By Thomas A. Lambrecht
Every four years, United Methodists gather for what is a cross between a political convention and a revival camp meeting. For almost two weeks, 1,000 delegates and more than 2,000 observers gather to represent a snapshot of United Methodism. At General Conference, we experience uplifting worship in a variety of styles, including U.S. ethnic flavors, as well as customs and traditions from our brothers and sisters in Africa, Europe, and Asia. Bishops and others bring challenging and inspiring preaching. We usually get to experience some aspect of local culture and entertainment in the host city (which rotates each quadrennium from one U.S. jurisdiction to another).
Our primary purpose in gathering, however, is to examine the current state of The United Methodist Church (through hundreds of pages of reports) and set the policies and direction of the church for the next four years (through thousands of petitions, resolutions, and other proposed changes in our Book of Discipline and Book of Resolutions). We elect people to serve on the Judicial Council (supreme court) and the University Senate (credentialing body of our educational institutions).
Next April 24-May 5, 2012, the General Conference is coming to Tampa, Florida. This article is the first of several that will address the issues that will face our church in Tampa.
Since 1976, Good News has worked at General Conference to speak on behalf of evangelical concerns. More recently, we have joined with other ministries in the Renewal and Reform Coalition. We help in writing and submitting legislation. We evaluate proposals and communicate our point of view on issues to be dealt with by the General Conference. Many other caucus groups organize to influence General Conference, as well, including those of a more liberal or progressive viewpoint. This is the greatest opportunity we have to impact the church in the direction of spiritual renewal and organizational reform.
And the Lord knows we need renewal and reform! Over the past 40 years, The United Methodist Church in the U.S. has lost 3 million members. We are poised for even greater losses in the decades ahead, due to our aging membership and difficulty in attracting younger people to our churches. For the first time ever, over 50 percent of our active ordained clergy are older than age 50. Churches are closing at an alarming rate, while many others are reducing to part-time pastors or lay pastors. For the first time ever, the proposed budget for the General Church over the next four years is a reduction in amount from the previous four years.
The good news is that our church leaders have finally awakened to the crisis facing our church, and momentum is building to take radical steps to address that crisis. The bad news is that the proposals coming to General Conference deal with only one-half of the problem.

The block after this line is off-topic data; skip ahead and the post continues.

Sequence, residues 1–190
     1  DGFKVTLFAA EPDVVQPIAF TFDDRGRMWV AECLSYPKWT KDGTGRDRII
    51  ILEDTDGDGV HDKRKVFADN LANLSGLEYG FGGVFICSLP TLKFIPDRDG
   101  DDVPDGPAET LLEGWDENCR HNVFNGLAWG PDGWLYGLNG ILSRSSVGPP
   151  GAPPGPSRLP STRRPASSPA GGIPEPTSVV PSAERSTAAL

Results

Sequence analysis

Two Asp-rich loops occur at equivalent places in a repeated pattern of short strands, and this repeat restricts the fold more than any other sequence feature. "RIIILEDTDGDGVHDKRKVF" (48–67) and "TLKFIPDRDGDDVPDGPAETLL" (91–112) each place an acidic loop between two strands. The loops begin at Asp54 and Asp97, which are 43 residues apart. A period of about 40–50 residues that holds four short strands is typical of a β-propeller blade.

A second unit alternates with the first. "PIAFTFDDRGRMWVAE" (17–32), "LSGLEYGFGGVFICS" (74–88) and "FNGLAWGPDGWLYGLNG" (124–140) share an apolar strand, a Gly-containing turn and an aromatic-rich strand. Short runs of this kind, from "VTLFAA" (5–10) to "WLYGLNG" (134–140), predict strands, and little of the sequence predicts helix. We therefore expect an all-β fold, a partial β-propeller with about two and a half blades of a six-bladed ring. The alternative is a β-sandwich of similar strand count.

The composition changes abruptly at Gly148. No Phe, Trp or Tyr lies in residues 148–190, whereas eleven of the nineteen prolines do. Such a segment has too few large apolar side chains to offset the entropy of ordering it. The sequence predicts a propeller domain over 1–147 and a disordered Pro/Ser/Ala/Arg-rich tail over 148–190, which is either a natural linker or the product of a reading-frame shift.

Good News believes that the crisis facing our church is caused by both a spiritual problem and an organizational problem. The organizational problem is that we have failed to adapt our mid-20th century structure to our current 21st century global reality.
But the other half of the problem is a spiritual shortcoming. We have allowed the Gospel message to become diluted by a variety of theologies that are not consistent with our doctrinal identity as United Methodists and sometimes contrary to our doctrinal standards as defined in our Book of Discipline. While giving lip service to our Articles of Religion and Confession of Faith, many pastors have abandoned their belief in the uniqueness of Jesus Christ as Son of God and Savior of the world. They no longer hold to the virgin birth and bodily resurrection of Christ. They no longer preach that people must turn in faith to Jesus Christ alone for forgiveness and restoration.
Some of our seminaries now believe that Christianity is just one of many ways to God, and that evangelism is no longer necessary or even advisable for United Methodists (despite Matthew 28:19-20 and Acts 1:8). In our desire for the “transformation of the world” via political and social ministry, we have neglected the power of God for personal transformation and holiness that must necessarily precede any impact we are to have on our culture. In fact, in many ways we have surrendered to the culture in an effort to become more “relevant,” rather than living in God’s way counter to our culture at times. And now we have the very real possibility that as many as 5 percent of our clergy will openly disobey our church’s teaching on sexual morality and marriage.
Until we address our spiritual problem as a denomination, we will have at best a half solution. We may slow the decline by changing our structure and our processes, but we will not experience true renewal and growth as a church until we return to our first love, proclaiming the pure Gospel message of salvation and transformation of life through faith and obedience to Jesus Christ alone.
Thomas A. Lambrecht is the vice president and general manager of Good News. As a member of the Wisconsin Annual Conference, he served 29 years in pastoral ministry before joining Good News. Rev. Lambrecht has worked on renewal efforts at five General Conferences.